You’ve settled on a cruise destination. Now it’s time to select a cabin on your cruise. Each Celebrity cruise stateroom comes with the basics: a bed, a bathroom, a TV, and place to store your clothing. After that, the sky’s the limit as far as the amount of space you’re looking for, and whether you want a view or a balcony. Here are five things to consider when choosing your cabin.
1. Size Matters
If you’re planning on being poolside or at the disco most of the cruise, you can probably opt for a smaller stateroom. But if you’re a homebody and need some quiet time in your cruise cabin, obviously you’re going to want to look at roomier options. Celebrity offers various cabin classes: suites, Aqua Class, Concierge Class, Veranda, Ocean View, and Inside.
Each stateroom and suite onboard Celebrity includes the following world-class amenities that all contribute to your modern luxury experience.
Suites offer the most space of the cabin classes, with several different layouts to choose from. Penthouse Suites offer nearly 1,700 square feet of space for your enjoyment. Signature Suites come with 559 square feet of space. Sky Suites feature 308 square feet of space. All Suites come with other perks, including personal butler service, reserved seats for Evening Chic theater nights, priority check-in and debarkation, and more.
At 248 square feet, Aqua Class cabins come with slightly less interior space than Suites, but do feature a 54-square-foot veranda. Additionally, Aqua Class stateroom guests can take advantage of Blu, their exclusive onboard restaurant, unlimited access to the Persian Garden spa lounge, and many other signature touches.
Concierge Class gives you 246 square feet and lots of amenities, including personalized concierge service and main and specialty restaurant seating time preferences.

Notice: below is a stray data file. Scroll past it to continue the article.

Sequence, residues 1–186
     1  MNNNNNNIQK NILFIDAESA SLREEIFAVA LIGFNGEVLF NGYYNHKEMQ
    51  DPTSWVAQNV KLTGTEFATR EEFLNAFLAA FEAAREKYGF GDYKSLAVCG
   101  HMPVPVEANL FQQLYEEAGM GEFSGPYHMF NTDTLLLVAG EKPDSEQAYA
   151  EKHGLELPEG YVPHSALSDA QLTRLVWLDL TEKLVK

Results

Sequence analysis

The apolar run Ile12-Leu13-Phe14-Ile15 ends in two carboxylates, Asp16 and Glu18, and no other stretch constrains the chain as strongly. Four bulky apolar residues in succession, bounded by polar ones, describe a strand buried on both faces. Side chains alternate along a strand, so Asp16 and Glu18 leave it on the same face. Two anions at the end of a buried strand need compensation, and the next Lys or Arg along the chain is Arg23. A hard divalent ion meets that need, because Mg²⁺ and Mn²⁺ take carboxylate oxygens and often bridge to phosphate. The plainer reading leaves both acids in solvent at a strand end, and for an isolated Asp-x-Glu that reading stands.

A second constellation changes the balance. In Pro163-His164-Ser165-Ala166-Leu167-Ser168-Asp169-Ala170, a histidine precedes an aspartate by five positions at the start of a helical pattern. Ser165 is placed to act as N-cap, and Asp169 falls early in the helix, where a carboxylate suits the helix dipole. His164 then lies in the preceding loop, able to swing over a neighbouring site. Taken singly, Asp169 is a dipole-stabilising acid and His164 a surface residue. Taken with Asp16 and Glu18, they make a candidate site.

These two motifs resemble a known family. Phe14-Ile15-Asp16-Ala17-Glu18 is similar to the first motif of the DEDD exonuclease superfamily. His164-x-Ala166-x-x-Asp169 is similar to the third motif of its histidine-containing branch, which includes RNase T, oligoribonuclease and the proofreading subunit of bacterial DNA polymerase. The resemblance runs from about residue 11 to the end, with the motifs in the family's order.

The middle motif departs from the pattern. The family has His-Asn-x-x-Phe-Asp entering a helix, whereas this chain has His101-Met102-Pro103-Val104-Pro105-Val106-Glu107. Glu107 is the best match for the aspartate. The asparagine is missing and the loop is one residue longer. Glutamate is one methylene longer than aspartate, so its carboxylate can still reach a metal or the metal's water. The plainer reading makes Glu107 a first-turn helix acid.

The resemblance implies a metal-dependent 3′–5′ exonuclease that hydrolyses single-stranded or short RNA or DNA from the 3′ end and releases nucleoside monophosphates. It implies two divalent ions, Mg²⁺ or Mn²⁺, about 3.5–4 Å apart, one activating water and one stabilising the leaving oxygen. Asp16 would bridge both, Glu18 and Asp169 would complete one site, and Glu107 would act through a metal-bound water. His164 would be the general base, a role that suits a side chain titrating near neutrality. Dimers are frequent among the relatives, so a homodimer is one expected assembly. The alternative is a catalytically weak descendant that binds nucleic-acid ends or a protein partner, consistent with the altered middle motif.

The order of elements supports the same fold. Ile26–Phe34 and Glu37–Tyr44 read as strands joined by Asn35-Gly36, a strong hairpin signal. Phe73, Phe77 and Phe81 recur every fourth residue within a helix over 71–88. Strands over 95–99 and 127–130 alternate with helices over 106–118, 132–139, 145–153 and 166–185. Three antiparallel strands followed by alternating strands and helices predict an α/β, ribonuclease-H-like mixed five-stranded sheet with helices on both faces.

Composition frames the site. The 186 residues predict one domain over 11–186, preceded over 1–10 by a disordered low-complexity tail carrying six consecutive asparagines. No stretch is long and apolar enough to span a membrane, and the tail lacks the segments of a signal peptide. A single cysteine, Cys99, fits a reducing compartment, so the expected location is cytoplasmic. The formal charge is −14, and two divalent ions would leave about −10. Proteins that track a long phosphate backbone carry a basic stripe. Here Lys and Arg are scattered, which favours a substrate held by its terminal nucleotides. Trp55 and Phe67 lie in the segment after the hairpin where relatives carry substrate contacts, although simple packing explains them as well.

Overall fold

With Verandas, you can choose from the five different configurations. The Family Veranda offers ample indoor and outdoor space, clocking in at around 679 feet.
Ocean View staterooms give you 175 square feet of living space with a view. And Inside cabins, which are exactly what they sound like, an interior stateroom without a window or balcony, offer about the same amount of space as the Ocean View staterooms, and area a great value.
2. Location, Location, Location
When selecting your stateroom, think about what cruise activities you’ll most likely be engaged in while you’re onboard. Are you a fitness junkie? Like to be close to the pool? Or someone who wants a great view? Consult your ship’s map to find the cabins closest to where you’ll be spending the most time. Conversely, if you prefer a little more peace and quiet, you’ll want to select a cabin that’s the farthest away from all of the action (the pool, for example).
If you suffer from motion sickness, your cabin location can make a big difference. Aside from packing a few items to keep the queasiness at bay (think: ginger chews, antihistamines, wrist bands, and Scopalomine patches), consider a lower cabin closer to the center of the ship (also known as “midship” in nautical terms) for a more stable ride. Bonus: If someone in your party has a mobility issue or you’re traveling with strollers and little ones, midship cabins also offer the shortest walk to the elevators.